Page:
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Grand Canyon bottle ban raises questions over corporate donors to Parks Service

Plastic bottles in the back of a pickup truck, ready for recycling
Streetwise Cycle
Plastic bottles in the back of a pickup truck, ready for recycling

While environmentalists are praising a decision by the National Park Service to abolish bottled water sales in the Grand Canyon within 30 days,  concerns about corporate influence at public parks  linger.

The plan to ban plastic water bottle sales in the Grand Canyon goes back to 2010.

But just before the new policy was to take effect, the Park Service halted it.

Critics complained that the parks chief caved in to Coca Cola, which bottles Dasani Water and has donated $13 million to the parks.

But public pressure this fall forced the Park Service director to once again reverse his decision.  

This week, the Grand Canyon announced a ban on bottled water sales will take effect in March. 

Jeff Ruch is director of Public Employees for Environmental Responsibility.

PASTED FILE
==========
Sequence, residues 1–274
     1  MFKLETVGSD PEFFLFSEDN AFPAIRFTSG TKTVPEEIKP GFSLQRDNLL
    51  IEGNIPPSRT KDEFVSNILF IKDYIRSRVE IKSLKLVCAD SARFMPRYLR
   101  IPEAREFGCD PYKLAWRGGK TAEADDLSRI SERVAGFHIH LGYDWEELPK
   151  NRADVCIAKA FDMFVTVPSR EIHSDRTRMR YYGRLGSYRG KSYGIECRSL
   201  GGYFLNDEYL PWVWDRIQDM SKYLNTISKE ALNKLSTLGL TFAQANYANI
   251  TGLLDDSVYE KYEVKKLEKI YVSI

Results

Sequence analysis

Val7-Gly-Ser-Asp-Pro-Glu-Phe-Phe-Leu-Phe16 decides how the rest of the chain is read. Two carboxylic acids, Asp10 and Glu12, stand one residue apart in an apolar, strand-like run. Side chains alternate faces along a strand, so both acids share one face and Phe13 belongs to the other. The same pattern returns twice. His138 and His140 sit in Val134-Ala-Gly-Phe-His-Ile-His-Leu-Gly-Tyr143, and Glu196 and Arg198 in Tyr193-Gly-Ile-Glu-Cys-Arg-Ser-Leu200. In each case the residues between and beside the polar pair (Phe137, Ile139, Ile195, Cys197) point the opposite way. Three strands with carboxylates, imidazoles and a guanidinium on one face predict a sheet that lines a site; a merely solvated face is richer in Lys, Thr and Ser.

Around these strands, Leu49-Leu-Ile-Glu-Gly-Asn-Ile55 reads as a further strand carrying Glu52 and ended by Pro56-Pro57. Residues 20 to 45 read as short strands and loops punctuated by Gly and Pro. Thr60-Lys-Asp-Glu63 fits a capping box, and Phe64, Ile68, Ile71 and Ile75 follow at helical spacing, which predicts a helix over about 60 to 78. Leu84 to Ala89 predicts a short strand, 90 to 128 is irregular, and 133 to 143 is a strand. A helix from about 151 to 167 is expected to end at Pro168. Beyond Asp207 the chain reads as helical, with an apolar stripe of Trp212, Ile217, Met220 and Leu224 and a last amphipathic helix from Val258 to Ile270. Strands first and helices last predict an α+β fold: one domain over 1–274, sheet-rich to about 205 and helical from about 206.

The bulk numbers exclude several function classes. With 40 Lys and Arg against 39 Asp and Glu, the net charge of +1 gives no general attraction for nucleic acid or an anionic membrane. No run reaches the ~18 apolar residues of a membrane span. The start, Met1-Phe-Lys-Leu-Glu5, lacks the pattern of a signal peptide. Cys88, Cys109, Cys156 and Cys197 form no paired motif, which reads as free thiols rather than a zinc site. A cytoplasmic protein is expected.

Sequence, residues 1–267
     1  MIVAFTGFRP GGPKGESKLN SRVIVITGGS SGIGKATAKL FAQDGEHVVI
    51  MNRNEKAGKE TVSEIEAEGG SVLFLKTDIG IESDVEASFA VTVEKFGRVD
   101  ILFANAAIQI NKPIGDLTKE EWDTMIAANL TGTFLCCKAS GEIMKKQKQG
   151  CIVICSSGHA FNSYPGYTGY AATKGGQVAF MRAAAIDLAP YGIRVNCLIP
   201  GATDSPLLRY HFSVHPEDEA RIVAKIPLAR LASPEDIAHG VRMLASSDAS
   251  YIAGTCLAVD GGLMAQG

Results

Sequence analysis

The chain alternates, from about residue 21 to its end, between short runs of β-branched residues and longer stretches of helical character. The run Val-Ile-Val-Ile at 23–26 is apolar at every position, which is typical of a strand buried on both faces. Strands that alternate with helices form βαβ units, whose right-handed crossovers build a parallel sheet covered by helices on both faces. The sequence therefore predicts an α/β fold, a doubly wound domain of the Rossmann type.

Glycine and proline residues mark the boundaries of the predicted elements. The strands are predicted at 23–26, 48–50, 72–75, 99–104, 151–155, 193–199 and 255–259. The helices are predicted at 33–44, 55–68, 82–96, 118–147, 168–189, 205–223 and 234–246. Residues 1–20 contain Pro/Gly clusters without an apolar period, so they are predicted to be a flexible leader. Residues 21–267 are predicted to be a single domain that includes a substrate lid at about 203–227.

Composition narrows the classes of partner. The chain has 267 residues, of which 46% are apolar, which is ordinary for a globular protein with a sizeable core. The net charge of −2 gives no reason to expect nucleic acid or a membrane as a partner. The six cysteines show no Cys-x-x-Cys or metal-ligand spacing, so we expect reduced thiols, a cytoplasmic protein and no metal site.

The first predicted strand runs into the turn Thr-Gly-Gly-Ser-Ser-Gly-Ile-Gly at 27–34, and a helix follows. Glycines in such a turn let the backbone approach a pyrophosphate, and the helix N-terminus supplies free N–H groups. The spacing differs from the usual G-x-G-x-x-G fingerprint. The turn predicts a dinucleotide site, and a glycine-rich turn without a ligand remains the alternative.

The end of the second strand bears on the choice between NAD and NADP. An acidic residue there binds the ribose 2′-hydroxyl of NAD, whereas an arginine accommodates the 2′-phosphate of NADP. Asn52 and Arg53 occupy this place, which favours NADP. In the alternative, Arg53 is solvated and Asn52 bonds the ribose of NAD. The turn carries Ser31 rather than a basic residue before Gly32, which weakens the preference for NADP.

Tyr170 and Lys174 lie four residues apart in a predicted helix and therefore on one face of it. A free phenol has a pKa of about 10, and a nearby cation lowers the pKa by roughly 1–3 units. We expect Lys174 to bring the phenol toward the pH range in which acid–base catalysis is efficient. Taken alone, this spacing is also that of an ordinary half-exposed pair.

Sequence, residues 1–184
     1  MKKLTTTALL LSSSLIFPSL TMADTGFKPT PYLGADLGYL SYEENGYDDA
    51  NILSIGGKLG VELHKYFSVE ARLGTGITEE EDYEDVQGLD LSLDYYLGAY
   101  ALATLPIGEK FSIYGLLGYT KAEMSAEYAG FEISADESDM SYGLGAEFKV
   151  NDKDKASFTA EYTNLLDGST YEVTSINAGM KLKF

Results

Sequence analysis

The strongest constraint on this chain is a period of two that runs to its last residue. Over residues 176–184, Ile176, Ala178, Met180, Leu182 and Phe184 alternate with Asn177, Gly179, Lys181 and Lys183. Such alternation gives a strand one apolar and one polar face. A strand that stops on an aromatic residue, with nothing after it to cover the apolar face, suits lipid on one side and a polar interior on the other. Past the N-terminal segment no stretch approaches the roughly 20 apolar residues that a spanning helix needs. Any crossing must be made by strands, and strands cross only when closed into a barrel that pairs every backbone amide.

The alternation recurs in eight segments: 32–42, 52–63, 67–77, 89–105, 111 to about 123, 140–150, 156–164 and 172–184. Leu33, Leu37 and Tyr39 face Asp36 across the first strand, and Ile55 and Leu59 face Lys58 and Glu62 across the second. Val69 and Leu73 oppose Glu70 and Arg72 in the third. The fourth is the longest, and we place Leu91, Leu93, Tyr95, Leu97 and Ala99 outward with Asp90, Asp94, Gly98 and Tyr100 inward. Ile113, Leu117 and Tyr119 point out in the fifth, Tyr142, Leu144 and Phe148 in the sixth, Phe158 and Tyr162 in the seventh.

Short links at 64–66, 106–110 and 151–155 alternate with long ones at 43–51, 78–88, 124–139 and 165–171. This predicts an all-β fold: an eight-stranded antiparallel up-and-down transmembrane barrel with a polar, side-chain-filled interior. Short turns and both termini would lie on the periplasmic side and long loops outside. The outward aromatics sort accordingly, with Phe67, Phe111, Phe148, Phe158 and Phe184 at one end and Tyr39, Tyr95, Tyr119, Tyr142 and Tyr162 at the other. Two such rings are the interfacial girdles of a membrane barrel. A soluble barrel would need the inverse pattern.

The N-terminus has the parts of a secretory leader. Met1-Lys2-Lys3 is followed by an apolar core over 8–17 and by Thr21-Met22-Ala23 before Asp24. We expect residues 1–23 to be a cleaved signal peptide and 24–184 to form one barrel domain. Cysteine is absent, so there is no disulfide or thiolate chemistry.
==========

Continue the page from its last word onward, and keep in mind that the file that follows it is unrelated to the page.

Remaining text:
He says this case highlights the need for transparency between public parks and their private donors. Especially now, says Ruch, because the parks service recently announced a one billion corporate fundraising campaign.  

“That means they will have to have about 400 donors the size of Coca Cola," Ruch says. "If Coca Cola can wreak this much havoc, multiply that by 400 times, and you’re going to have a different park system than you have now.”

A Coca Cola spokeswoman says the company wanted to be consulted about the ban so that it could help the park’s sustainability plans.

She says while the company objects to the ban, it will continue to support recycling programs at the park and innovations in disposable bottles.

For Arizona Public Radio, I’m Shelley Smithson.